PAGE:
I expect this outbreak to continue unabated until the public health measures, sanitary facilities, widespread vaccination, effective outreach all reach critical mass to stop the transmission of this disease process.
The changing demographic in California makes implementation of all these measures very challenging. Although this is a public health issue, the underlying shifting political focus away from public health towards other priorities has contributed in no small measure.
This is the second largest outbreak of hepatitis A since the vaccine was approved in 1996 leading to the governor finally declaring a state of emergency. Having to declare a state of emergency for a vaccine preventable illness in a first world country should really bring all of us pause for thought as to how we came to this point.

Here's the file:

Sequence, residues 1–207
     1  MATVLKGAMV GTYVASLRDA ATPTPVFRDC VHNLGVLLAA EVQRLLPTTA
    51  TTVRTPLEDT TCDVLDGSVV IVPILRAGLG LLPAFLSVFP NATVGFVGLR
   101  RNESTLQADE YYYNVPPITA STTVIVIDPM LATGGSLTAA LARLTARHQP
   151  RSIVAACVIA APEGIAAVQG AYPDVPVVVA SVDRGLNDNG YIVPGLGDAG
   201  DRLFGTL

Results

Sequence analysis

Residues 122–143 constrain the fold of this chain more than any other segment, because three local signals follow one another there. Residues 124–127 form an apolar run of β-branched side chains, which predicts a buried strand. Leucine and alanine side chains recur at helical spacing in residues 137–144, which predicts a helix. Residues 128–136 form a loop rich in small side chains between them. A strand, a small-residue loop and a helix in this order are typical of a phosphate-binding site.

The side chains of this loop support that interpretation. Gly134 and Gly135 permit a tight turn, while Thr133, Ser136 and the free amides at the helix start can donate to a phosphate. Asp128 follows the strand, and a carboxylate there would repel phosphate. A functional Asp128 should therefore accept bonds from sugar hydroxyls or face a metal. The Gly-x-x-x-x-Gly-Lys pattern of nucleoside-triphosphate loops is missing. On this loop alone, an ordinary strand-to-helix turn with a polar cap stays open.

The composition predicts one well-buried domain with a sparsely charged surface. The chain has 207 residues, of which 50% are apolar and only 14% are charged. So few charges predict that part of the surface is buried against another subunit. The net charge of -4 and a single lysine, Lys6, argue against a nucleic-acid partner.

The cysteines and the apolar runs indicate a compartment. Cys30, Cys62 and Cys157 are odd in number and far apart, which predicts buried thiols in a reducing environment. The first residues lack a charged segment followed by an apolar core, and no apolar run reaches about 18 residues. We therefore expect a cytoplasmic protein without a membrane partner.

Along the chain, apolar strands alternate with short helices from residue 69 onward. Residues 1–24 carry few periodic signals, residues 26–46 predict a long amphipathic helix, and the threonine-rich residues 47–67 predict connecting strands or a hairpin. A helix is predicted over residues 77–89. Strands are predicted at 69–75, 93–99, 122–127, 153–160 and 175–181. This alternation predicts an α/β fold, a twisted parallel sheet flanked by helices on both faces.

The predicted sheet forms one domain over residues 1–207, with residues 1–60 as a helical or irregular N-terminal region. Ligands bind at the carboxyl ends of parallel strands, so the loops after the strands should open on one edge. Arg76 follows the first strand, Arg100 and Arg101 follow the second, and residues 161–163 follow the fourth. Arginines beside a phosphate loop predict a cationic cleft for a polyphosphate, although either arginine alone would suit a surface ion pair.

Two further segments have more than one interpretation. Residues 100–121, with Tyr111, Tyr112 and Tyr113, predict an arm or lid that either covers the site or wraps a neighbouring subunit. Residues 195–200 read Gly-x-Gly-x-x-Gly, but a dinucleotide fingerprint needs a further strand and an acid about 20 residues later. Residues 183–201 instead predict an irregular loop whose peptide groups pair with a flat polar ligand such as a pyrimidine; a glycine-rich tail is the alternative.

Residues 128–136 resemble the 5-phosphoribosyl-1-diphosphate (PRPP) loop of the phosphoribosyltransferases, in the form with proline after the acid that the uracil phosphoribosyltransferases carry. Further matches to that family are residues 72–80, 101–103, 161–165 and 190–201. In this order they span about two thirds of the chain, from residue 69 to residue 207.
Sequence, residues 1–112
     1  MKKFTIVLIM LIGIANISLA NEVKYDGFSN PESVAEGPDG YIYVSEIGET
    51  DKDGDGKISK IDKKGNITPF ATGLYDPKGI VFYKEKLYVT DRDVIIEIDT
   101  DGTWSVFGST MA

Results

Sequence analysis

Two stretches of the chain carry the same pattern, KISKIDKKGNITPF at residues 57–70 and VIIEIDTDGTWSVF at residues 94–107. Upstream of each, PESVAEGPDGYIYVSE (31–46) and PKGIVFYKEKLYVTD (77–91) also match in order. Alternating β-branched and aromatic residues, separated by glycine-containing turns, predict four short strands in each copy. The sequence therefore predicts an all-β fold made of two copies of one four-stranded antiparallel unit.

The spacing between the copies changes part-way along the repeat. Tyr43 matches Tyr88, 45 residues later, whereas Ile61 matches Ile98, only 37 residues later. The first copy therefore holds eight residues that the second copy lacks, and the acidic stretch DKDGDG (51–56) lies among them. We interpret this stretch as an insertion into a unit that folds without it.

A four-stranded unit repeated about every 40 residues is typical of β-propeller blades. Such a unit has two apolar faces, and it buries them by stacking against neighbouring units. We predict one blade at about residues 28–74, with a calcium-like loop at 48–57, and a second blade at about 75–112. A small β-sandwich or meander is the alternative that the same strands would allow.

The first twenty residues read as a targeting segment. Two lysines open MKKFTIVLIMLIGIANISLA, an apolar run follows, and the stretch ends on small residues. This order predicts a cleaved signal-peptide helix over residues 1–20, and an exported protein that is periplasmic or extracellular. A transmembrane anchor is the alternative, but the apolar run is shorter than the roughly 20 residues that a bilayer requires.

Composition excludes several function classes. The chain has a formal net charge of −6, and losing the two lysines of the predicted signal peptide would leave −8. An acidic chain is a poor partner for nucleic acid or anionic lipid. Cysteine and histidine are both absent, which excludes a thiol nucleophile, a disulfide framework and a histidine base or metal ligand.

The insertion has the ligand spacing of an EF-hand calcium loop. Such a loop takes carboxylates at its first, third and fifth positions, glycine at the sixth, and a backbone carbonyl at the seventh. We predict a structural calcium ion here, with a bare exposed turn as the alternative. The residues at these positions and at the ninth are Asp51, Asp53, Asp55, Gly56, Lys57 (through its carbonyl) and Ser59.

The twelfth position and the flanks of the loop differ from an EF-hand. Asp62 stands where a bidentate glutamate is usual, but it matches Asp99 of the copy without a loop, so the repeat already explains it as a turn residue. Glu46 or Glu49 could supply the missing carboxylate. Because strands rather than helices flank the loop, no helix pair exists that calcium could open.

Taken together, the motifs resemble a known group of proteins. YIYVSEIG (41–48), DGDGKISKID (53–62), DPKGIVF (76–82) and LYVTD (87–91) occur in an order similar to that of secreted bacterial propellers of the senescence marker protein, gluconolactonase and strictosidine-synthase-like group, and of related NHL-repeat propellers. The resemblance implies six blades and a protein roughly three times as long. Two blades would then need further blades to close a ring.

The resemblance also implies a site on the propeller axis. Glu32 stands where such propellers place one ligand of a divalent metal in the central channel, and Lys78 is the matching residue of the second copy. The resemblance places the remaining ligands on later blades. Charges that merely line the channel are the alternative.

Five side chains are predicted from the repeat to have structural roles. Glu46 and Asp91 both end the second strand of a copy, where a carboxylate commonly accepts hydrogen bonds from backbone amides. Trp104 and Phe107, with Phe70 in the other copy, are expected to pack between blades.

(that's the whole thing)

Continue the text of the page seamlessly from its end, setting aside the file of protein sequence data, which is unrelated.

The hepatitis A strain circulating in San Diego, Los Angeles and Santa Cruz Counties is unique and is different from that found elsewhere in the country. This allows authorities to pinpoint the spread of this unique strain to rest of the Counties and evaluate if the epidemic is spreading geographically. As of November 01, 2017, one individual in Riverside County was confirmed to have this unique strain of hepatitis A and this individual had no risk factors, was not homeless and did not use injection drugs. This means that the penumbra of infection is likely to spread to individuals that do not have risk factors and will spread beyond what we are seeing currently.
In conclusion, the state of California needs to pay more attention to its specific social and demographic issues and apply concentrated public health measures to better control this epidemic. The Department of Public Health themselves have admitted this is likely to take a long time. I suspect that in the meantime it will continue to spread to other unaffected Counties and to individuals that do not have easily perceivable risk factors. Public health resources in California have been stretched to breaking point and putting Humpty Dumpty back together again will take more than optimism.